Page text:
Introducing Gradio Clients


Building a Web App with the Gradio Python Client

In this blog post, we will demonstrate how to use the gradio_client Python library, which enables developers to make requests to a Gradio app programmatically, by creating an end-to-end example web app using FastAPI. The web app we will be building is called "Acapellify," and it will allow users to upload video files as input and return a version of that video without instrumental music. It will also display a gallery of generated videos.


Before we begin, make sure you are running Python 3.9 or later, and have the following libraries installed:

  • gradio_client
  • fastapi
  • uvicorn

You can install these libraries from pip:

$ pip install gradio_client fastapi uvicorn

You will also need to have ffmpeg installed. You can check to see if you already have ffmpeg by running in your terminal:

$ ffmpeg version

Otherwise, install ffmpeg by following these instructions.

Step 1: Write the Video Processing Function

Let's start with what seems like the most complex bit -- using machine learning to remove the music from a video.

Luckily for us, there's an existing Space we can use to make this process easier: This Space takes an audio file and produces two separate audio files: one with the instrumental music and one with all other sounds in the original clip. Perfect to use with our client!

Open a new Python file, say, and start by importing the Client class from gradio_client and connecting it to this Space:

from gradio_client import Client

client = Client("abidlabs/music-separation")

def acapellify(audio_path):
    result = client.predict(audio_path, api_name="/predict")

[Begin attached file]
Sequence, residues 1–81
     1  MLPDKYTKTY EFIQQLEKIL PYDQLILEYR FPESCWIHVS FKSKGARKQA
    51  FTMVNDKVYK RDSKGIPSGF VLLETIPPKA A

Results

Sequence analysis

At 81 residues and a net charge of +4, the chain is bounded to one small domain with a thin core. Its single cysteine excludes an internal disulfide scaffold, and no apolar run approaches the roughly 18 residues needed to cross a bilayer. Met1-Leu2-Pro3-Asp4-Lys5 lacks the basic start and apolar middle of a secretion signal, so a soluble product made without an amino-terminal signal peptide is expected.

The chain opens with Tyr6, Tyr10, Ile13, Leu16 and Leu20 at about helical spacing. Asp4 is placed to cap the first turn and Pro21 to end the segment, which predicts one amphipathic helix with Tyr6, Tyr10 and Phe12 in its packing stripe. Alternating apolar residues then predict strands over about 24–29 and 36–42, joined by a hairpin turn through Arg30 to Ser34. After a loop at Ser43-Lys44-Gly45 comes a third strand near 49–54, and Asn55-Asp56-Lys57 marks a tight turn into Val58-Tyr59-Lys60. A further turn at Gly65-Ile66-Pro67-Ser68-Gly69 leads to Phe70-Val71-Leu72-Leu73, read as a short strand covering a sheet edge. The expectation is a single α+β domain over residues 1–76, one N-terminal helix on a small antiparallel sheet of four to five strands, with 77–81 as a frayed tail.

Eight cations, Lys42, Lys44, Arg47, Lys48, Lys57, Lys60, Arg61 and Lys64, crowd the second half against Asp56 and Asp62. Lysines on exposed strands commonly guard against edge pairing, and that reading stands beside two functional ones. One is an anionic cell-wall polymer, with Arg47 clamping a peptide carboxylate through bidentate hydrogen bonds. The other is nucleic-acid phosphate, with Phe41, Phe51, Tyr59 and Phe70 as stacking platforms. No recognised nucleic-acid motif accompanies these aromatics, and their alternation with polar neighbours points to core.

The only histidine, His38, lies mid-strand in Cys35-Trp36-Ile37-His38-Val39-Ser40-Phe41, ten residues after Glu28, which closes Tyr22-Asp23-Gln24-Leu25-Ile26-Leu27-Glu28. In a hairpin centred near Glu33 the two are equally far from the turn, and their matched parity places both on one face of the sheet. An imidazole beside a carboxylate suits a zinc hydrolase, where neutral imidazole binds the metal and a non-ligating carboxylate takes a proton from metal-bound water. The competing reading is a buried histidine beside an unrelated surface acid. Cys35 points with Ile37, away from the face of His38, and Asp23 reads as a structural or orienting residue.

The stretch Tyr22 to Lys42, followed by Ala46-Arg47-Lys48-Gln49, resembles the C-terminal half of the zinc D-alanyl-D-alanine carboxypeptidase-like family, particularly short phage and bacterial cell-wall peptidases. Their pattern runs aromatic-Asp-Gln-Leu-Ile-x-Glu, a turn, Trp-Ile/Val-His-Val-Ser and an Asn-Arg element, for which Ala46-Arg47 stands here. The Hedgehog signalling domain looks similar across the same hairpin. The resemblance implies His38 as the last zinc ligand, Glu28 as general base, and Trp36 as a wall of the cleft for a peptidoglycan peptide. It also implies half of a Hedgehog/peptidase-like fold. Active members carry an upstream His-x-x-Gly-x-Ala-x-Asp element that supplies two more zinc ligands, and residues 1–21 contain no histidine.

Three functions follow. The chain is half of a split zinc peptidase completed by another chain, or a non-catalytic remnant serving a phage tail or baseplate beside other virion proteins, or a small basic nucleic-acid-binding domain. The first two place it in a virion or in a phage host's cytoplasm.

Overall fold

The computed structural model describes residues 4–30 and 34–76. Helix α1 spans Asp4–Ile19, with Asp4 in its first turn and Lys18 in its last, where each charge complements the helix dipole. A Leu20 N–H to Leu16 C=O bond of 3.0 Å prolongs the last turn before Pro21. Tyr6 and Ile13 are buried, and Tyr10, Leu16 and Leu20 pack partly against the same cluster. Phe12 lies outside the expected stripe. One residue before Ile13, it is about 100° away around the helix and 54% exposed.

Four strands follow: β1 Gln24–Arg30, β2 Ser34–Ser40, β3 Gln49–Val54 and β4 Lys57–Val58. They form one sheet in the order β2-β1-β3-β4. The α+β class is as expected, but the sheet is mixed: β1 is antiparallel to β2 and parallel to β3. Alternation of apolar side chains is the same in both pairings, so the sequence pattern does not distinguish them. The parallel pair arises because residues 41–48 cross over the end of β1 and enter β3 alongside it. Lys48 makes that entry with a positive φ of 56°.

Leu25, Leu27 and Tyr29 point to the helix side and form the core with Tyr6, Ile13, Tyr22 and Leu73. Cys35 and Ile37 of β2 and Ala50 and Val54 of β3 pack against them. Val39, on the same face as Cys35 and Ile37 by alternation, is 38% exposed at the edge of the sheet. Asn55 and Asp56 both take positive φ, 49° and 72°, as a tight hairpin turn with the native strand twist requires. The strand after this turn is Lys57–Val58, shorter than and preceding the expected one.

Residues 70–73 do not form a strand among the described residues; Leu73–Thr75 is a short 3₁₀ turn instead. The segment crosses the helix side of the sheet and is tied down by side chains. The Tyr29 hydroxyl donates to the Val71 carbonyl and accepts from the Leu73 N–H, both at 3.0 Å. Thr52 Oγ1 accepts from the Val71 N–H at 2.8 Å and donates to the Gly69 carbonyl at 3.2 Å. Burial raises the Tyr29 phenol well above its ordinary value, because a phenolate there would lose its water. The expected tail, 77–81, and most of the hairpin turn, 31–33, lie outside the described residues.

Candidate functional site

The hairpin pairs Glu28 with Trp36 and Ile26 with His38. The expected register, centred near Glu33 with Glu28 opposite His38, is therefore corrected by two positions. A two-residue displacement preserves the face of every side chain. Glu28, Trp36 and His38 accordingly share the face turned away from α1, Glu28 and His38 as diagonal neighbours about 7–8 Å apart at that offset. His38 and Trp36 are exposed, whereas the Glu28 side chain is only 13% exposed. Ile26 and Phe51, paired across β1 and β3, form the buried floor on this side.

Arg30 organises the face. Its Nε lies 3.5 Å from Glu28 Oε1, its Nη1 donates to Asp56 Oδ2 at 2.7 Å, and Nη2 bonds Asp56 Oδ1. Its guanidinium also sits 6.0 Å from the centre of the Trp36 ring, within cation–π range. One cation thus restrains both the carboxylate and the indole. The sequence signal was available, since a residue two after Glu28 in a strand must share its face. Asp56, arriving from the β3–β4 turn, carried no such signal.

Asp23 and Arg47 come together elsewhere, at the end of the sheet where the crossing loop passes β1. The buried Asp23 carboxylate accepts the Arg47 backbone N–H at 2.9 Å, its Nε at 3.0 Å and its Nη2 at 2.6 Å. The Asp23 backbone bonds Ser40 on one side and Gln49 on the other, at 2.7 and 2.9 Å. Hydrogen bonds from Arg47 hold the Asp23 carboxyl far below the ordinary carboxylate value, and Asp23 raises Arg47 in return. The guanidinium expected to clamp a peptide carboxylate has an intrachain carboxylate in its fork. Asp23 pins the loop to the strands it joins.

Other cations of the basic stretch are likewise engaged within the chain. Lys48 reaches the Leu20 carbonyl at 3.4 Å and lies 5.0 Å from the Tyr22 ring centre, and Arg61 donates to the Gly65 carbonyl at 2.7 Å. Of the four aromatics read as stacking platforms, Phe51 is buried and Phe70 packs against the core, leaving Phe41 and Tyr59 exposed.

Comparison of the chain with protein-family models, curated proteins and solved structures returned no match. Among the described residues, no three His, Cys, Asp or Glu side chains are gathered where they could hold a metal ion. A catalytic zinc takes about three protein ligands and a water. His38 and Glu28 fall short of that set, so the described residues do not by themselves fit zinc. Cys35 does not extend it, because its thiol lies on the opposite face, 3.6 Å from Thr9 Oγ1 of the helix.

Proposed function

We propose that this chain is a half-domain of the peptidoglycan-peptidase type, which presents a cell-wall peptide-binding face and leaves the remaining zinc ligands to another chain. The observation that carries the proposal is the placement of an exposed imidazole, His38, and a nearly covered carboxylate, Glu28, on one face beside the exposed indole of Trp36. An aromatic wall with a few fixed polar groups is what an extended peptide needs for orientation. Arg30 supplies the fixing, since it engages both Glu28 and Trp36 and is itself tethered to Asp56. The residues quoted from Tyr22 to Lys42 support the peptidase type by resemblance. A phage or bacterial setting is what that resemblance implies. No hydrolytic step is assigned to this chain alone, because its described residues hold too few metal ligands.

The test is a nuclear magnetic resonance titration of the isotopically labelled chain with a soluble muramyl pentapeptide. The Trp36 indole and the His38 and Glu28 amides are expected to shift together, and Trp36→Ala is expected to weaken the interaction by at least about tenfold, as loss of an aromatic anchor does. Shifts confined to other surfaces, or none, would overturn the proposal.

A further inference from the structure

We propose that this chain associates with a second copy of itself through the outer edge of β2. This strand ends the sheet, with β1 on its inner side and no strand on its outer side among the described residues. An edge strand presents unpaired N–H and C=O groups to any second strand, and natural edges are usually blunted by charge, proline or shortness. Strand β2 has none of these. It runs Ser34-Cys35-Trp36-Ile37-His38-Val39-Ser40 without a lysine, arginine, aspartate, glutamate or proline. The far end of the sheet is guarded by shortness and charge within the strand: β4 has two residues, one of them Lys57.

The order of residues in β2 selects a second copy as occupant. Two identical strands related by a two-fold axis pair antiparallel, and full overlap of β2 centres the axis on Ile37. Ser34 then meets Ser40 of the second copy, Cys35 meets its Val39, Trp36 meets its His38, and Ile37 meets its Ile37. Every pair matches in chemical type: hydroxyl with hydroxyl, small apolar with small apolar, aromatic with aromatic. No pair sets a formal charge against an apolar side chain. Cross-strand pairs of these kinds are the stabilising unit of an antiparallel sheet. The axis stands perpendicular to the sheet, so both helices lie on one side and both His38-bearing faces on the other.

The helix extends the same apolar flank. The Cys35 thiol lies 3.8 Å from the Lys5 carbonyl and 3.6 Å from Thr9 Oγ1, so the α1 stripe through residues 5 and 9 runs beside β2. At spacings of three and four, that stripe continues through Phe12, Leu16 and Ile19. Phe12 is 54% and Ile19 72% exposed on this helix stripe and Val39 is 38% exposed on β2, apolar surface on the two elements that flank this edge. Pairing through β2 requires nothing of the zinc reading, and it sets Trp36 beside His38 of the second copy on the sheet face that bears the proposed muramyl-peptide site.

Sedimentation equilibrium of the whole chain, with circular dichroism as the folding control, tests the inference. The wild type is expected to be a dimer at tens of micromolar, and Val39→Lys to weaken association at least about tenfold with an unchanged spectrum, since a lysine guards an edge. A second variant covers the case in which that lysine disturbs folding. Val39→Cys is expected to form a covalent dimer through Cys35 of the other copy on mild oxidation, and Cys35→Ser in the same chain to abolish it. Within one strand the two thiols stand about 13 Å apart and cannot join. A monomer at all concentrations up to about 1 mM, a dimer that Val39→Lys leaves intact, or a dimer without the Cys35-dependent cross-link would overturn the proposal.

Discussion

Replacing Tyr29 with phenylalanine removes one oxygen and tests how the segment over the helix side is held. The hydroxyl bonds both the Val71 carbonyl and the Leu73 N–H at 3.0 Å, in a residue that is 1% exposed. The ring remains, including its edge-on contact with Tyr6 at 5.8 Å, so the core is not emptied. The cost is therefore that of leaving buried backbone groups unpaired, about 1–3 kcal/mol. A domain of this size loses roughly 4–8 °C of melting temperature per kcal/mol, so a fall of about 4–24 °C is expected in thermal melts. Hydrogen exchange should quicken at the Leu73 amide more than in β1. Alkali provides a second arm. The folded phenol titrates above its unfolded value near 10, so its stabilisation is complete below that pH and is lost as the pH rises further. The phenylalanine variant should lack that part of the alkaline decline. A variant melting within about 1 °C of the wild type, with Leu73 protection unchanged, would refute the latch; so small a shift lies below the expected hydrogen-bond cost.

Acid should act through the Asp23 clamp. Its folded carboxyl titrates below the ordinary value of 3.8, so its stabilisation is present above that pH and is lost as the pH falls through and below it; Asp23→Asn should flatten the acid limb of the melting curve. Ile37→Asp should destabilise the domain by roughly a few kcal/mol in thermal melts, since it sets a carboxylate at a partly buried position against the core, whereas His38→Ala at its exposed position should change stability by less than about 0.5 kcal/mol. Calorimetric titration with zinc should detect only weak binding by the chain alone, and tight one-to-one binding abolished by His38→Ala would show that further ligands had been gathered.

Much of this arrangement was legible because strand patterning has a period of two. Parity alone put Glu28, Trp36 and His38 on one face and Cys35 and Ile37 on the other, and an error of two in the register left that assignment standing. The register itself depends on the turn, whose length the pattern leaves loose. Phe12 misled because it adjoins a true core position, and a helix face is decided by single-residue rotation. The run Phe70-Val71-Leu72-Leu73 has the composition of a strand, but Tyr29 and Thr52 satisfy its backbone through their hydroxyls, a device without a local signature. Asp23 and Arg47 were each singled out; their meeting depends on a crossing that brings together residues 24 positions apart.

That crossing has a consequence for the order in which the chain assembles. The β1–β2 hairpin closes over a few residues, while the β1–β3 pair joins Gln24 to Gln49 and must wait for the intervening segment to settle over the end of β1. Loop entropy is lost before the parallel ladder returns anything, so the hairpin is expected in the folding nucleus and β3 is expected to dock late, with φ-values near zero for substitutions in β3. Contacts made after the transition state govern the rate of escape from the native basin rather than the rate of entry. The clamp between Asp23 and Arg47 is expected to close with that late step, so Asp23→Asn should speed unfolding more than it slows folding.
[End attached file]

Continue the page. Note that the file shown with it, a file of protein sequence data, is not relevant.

return result[0]

That's all the code that's needed -- notice that the API endpoints returns two audio files (one without the music, and one with just the music) in a list, and so we just return the first element of the list.

Note: since this is a public Space, there might be other users using this Space as well, which might result in a slow experience. You can duplicate this Space with your own Hugging Face token and create a private Space that only you have will have access to and bypass the queue. To do that, simply replace the first two lines above with:

from gradio_client import Client

client = Client.duplicate("abidlabs/music-separation", hf_token=YOUR_HF_TOKEN)

Everything else remains the same!

Now, of course, we are working with video files, so we first need to extract the audio from the video files. For this, we will be using the ffmpeg library, which does a lot of heavy lifting when it comes to working with audio and video files. The most common way to use ffmpeg is through the command line, which we'll call via Python's subprocess module:

Our video processing workflow will consist of three steps:

  1. First, we start by taking in a video filepath and extracting the audio using ffmpeg.
  2. Then, we pass in the audio file through the acapellify() function above.
  3. Finally, we combine the new audio with the original video to produce a final acapellified video.

Here's the complete code in Python, which you can add to your file:

import subprocess

def process_video(video_path):
    old_audio = os.path.basename(video_path).split(".")[0] + ".m4a"['ffmpeg', '-y', '-i', video_path, '-vn', '-acodec', 'copy', old_audio])

    new_audio = acapellify(old_audio)

    new_video = f"acap_{video_path}"['ffmpeg', '-y', '-i', video_path, '-i', new_audio, '-map', '0:v', '-map', '1:a', '-c:v', 'copy', '-c:a', 'aac', '-strict', 'experimental', f"static/{new_video}"])
    return new_video

You can read up on ffmpeg documentation if you'd like to understand all of the command line parameters, as they are beyond the scope of this tutorial.

Step 2: Create a FastAPI app (Backend Routes)

Next up, we'll create a simple FastAPI app. If you haven't used FastAPI before, check out the great FastAPI docs. Otherwise, this basic template, which we add to, will look pretty familiar:

import os
from fastapi import FastAPI, File, UploadFile, Request
from fastapi.responses import HTMLResponse, RedirectResponse
from fastapi.staticfiles import StaticFiles
from fastapi.templating import Jinja2Templates

app = FastAPI()